|• Total||20.35 km2 (7.86 sq mi)|
|• Density||330/km2 (850/sq mi)|
|Time zone||UTC+1 (CET)|
|• Summer (DST)||UTC+2 (CEST)|
Geology and palaeontologyEdit
Gogolin gives its name to the Gogolin Formation whose strata were first exposed here.
The oldest known mention of Gogolin, under its Old Polish name Gogolino, comes from a 1223 document of Wawrzyniec, bishop of Wrocław. In the 19th century, the exploitation of local limestone deposits began on an industrial scale and first lime kilns were built. Also a train station was built and Gogolin enjoyed railway connections with Opole, Kędzierzyn and Prudnik. Heavy fights of the Silesian Uprising took place nearby in 1921. During World War II the Germans established a forced labour camp for Poles and Jews and two labour camps (E131 and E132) of the Stalag VIII-B/344 prisoner-of-war camp at Łambinowice. About 30 buildings were destroyed in the final stages of the war in 1945.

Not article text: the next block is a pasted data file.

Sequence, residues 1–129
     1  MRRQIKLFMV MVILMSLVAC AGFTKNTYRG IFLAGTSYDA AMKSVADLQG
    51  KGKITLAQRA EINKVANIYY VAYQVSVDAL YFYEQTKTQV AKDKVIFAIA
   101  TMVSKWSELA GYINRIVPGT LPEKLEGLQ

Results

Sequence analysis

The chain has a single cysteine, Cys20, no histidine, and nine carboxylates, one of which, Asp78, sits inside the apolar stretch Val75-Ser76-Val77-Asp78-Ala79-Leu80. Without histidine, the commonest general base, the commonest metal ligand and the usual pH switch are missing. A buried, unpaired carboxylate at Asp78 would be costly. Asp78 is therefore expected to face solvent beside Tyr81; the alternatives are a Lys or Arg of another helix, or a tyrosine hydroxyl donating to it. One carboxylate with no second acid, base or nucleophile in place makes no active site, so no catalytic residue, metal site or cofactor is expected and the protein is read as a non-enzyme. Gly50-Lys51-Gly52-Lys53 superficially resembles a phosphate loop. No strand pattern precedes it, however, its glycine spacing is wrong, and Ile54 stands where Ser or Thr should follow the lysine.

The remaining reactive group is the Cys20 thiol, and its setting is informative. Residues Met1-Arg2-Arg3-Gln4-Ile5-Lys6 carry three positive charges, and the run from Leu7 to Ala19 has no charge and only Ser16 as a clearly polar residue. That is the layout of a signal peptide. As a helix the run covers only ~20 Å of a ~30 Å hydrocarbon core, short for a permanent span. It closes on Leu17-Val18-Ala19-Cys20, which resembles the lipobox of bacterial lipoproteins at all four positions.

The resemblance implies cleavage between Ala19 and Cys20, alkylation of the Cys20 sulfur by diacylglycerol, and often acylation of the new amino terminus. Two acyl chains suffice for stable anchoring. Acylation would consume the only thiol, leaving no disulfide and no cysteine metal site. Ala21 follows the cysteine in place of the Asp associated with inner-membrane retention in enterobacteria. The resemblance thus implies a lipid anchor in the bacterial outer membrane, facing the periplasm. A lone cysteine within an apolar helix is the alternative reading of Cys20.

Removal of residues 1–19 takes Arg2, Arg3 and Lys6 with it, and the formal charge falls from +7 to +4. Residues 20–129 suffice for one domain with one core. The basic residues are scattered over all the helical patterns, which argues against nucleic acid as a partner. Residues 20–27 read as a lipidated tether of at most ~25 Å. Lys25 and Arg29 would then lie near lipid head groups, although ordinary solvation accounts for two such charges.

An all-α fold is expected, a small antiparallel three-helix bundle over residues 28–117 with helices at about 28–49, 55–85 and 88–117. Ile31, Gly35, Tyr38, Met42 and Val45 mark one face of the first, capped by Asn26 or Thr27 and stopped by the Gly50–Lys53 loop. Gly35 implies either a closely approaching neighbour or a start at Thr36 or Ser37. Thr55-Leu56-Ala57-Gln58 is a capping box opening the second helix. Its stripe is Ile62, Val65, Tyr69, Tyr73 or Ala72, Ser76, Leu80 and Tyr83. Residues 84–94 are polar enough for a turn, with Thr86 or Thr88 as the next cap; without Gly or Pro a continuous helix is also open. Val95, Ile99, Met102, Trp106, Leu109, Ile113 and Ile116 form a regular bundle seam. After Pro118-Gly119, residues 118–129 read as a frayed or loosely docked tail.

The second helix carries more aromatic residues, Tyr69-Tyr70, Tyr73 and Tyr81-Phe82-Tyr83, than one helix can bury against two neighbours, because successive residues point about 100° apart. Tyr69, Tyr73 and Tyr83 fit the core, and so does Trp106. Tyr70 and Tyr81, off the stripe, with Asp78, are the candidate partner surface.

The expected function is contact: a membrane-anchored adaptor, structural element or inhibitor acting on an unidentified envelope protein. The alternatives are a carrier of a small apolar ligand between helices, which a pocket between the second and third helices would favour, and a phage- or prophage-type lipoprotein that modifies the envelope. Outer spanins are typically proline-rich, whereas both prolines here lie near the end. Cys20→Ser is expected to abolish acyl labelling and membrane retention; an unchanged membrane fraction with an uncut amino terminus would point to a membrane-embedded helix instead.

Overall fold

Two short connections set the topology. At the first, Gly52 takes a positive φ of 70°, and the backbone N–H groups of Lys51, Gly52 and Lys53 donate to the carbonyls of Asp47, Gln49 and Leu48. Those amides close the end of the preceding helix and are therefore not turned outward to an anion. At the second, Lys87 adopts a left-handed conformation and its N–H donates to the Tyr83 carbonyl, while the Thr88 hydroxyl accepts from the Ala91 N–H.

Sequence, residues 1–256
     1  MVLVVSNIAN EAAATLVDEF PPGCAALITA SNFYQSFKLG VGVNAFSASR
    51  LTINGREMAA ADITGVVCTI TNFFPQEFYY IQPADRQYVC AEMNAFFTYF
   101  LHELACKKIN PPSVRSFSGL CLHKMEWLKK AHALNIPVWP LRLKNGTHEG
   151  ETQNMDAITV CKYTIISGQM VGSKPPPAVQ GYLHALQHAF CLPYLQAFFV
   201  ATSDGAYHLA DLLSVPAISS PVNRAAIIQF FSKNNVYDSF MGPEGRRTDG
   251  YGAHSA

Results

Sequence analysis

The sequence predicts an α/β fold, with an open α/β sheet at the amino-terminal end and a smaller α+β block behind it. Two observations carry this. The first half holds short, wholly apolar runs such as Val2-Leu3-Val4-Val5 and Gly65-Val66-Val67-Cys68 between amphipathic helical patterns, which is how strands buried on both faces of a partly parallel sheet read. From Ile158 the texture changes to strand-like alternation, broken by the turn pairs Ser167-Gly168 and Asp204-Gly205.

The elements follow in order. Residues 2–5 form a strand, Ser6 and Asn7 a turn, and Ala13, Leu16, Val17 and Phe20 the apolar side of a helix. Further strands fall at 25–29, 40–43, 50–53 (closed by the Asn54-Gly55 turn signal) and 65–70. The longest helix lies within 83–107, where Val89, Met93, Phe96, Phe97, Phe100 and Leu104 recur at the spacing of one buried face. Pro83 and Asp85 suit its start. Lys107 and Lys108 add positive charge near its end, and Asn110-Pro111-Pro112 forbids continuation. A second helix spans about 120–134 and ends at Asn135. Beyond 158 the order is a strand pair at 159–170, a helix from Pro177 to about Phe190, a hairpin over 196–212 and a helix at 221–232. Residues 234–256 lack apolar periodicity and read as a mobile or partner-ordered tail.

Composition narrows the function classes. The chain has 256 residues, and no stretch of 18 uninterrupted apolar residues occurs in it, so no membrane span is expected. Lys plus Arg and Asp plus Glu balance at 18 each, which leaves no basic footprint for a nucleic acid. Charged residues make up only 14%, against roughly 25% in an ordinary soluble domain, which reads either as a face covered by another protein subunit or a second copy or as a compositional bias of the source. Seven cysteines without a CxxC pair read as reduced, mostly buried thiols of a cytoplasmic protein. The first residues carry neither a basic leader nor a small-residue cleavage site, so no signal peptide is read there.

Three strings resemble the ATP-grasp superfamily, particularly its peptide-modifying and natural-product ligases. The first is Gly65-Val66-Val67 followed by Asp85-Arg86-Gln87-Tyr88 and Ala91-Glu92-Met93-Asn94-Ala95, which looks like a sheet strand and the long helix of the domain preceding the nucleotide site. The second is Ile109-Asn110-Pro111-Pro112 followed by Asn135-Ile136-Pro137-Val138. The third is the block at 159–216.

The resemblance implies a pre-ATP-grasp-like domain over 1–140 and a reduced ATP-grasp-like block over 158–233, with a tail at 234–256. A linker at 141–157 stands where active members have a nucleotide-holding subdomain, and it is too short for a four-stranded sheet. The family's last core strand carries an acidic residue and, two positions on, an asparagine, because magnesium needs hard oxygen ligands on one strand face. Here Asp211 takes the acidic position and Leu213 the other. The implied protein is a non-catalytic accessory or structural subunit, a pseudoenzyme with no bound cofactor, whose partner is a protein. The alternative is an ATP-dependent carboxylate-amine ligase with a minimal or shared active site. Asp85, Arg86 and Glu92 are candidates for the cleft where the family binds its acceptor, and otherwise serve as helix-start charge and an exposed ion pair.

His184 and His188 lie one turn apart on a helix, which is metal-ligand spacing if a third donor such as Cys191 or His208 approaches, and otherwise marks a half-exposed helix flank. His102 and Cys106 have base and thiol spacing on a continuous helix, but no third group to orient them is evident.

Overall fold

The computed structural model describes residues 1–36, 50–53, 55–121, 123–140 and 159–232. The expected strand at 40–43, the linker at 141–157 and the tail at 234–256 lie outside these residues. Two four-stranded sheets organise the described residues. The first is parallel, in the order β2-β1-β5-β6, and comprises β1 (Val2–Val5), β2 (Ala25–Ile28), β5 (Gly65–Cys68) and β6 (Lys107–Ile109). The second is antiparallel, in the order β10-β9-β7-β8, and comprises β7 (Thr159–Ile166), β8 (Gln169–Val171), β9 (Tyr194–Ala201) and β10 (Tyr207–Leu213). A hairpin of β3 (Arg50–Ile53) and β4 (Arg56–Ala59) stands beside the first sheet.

The town is known for its old regional folk song Poszła Karolinka do Gogolina, which is a symbol regional Polish traditions. The song's characters of Karolinka and Karlik are depicted in the town's coat of arms, along with a lime kiln, alluding to the town's traditions. There is also a monument of Karolinka and Karlik in the town centre.
Population in 1782–2005.
Twin towns – sister citiesEdit
Mass grave of Polish insurgents of 1921
- "Population. Size and structure and vital statistics in Poland by territorial divison in 2019. As of 30th June". stat.gov.pl. Statistics Poland. 2019-10-15. Retrieved 2020-02-14.
- "Atrakcje turystyczne". Urząd Miejski w Gogolinie (in Polish). Retrieved 14 March 2020.
- "Obóz pracy - Zwangsarbeitslager Gogolin". Wirtualny Sztetl (in Polish). Retrieved 14 March 2020.
- "Working Parties". Stalag VIIIB 344 Lamsdorf. Retrieved 14 March 2020.
- "Poszła Karolinka do Gogolina". Urząd Miejski w Gogolinie (in Polish). Retrieved 14 March 2020.
- "Herb i flaga miasta Gogolin". Urząd Miejski w Gogolinie (in Polish). Retrieved 14 March 2020.
- Population figures: 1784:  – 1830:  – 1844:  – 1855, 1861:  – 1885:  - 1900:  - 1910:  – 1933, 1939:  – 1995, 2000, 2005: 
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